Salomone: Throw it all
Vail Valley Anglers
What a wonderful time to be fishing the Eagle or Colorado Rivers. The bugs are out and cool rains have placed the rivers into a healthier temperature range.
Sorting out a few reliable flies to target a little bit of everything is a smart way to set up your fly box. Small stoneflies, consistent caddis and predictable mayflies give fly anglers a huge selection of opportunities to tempt trout.
Early in the morning small mayfly patterns work for the surface. The early gray light is perfect for floating the upright sailboat looking dry flies. A parachute Adams provides the perfect mayfly silhouette for dry fly fishing. The RS-2 is a go to nymph for imitating the little emerging mayflies. Fished as a dropper the unweighted, long-tailed nymphs are a consistent producer especially on the Eagle River. Small, soft-hackle pheasant tail nymphs are another great choice for imitating emerging mayflies.
The Eagle River possesses a tremendous population of grannom caddis. These caddis are prolific nymphs clinging to structures like rocks and branches. When knocked free, trout grab them up for an easy meal.
As adults, caddis are one of the fun insects to fish. Anglers can dead drift, swing or skitter the dry flies across the surface. Trout will grab them any way you throw them. Elk Hair Caddis are the most popular type of dry fly for imitating adult caddis. Hare’s Ear nymphs work as a great nymph pattern for fishing down deep.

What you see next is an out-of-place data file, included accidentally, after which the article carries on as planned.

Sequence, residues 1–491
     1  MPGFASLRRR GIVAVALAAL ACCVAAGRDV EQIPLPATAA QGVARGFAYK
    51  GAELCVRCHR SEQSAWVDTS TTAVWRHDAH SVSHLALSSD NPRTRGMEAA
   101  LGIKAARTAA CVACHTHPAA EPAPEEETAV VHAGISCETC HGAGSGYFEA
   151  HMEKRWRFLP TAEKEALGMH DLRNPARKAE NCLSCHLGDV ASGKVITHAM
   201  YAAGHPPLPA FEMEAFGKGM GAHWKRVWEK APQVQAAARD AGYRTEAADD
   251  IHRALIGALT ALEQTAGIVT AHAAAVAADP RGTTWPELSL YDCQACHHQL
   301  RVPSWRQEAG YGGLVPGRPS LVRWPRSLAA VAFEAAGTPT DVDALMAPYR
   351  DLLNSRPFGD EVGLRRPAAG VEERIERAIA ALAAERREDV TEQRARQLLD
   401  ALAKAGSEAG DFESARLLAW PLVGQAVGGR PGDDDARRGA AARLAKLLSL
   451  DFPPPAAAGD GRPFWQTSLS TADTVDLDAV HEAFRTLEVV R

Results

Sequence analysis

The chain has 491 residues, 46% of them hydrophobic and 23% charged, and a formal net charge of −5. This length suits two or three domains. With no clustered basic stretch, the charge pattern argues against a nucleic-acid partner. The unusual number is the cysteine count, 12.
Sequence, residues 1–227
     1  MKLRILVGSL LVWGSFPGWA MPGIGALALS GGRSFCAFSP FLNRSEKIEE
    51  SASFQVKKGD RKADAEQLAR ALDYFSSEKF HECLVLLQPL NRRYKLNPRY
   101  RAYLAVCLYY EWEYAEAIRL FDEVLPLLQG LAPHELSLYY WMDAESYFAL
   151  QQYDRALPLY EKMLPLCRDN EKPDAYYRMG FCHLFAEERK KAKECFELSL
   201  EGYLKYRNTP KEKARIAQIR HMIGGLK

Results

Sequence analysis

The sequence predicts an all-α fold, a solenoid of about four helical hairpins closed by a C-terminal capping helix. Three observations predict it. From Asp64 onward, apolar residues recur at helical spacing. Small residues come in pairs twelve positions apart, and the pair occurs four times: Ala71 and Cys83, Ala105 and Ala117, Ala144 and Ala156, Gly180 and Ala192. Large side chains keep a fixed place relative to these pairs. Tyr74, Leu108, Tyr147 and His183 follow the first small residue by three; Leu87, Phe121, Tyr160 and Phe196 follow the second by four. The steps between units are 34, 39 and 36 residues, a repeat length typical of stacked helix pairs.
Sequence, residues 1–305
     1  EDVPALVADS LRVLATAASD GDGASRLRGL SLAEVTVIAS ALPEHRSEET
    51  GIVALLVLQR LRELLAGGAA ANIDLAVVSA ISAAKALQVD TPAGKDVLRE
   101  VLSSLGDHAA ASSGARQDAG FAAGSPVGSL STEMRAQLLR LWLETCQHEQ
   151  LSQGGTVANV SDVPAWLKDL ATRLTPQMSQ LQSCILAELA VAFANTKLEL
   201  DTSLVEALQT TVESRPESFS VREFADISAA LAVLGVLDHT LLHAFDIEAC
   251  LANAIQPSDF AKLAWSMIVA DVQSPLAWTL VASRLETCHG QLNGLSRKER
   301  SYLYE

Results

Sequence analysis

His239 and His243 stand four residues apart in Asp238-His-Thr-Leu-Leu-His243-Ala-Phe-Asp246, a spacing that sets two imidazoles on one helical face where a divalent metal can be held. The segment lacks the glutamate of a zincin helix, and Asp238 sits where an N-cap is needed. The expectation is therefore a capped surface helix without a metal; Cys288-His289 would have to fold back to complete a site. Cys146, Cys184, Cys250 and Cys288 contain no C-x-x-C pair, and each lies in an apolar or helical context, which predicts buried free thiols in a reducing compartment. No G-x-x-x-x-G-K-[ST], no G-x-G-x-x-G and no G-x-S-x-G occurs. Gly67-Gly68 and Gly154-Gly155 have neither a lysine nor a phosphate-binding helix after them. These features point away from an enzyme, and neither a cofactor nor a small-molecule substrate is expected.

Small, yellow stoneflies called a Yellow Sally provide a highly visible food source that trout pick off the surface. The jittery adults crawl with great speed when they land on you but inevitably end up stuck in foam pockets where trout suck them down. Puterbaugh’s Foam Bodied caddis in yellow is a popular dry fly when the hatch is in full swing. Looking like an adult caddis, and having the yellow of an adult Yellow Sally, this fly covers both insects successfully.
The Pale Morning Dun, PMD, is a well known mayfly on the Eagle and Colorado Rivers. When the trout target the PMDs, anglers are guaranteed to have some great dry fly action. Any type of PMD cripple imitation will stack the odds in your favor. Swinging soft hackle Pheasant tail nymphs in the current can bring on some bites when the PMDs are popping.
The area fly shops can fill your boxes with the right bugs. And the local guides can put anglers on some great fly fishing right now. Whether anglers prefer wade fishing or float trips both are producing some quality fishing on all of our local rivers.
From the Upper Colorado River to the 60 miles the Eagle River has to offer, fly anglers have miles to explore while the action is hot. A collection of insects can hatch throughout the day so stocking up on a variety of bugs will cover whatever the river presents. Caddis dries and PMD cripples, yellow sallies and common mayflies combine to create some stellar dry fly fishing anywhere you try.
Michael Salomone moved to the Eagle River valley in 1992. He began guiding fly-fishing professionally in 2002. His freelance writing has been published in numerous magazines and websites including; Southwest Fly Fishing, Fly Rod & Reel, Eastern Fly Fishing, On the Fly mag, FlyLords, the Pointing Dog Journal, Upland Almanac, the Echo website, Vail Valley Anglers and more. He lives on the bank of the Eagle River with his wife, Lori; two daughters, Emily and Ella; and a brace of yellow labrador retrievers.